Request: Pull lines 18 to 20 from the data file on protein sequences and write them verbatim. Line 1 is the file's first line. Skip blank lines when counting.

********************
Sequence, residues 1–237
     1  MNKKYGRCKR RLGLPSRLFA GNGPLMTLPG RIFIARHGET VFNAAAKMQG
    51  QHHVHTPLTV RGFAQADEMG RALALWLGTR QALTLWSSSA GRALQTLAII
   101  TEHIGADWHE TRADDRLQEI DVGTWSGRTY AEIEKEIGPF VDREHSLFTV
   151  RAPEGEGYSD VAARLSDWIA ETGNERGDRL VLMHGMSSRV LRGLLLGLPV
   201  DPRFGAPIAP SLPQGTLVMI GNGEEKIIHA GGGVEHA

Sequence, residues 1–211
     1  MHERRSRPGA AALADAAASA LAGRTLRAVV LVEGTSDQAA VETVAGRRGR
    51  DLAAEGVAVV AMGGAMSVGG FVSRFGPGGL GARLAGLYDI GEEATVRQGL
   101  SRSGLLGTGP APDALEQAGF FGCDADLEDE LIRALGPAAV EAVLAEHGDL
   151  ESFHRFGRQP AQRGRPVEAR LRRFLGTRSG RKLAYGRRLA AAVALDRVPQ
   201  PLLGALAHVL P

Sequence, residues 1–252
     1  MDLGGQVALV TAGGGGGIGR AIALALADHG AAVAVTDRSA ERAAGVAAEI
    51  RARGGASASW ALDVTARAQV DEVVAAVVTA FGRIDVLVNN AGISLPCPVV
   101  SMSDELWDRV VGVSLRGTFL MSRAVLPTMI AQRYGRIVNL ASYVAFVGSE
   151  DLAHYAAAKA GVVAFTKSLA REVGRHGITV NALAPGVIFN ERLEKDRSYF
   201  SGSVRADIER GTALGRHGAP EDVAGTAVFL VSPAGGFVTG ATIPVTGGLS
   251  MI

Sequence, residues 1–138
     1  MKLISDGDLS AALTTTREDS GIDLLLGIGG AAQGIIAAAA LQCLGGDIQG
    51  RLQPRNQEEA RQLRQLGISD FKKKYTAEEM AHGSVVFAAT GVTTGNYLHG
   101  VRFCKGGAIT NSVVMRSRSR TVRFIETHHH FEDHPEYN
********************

   201  SGSVRADIER GTALGRHGAP EDVAGTAVFL VSPAGGFVTG ATIPVTGGLS
   251  MI

Sequence, residues 1–138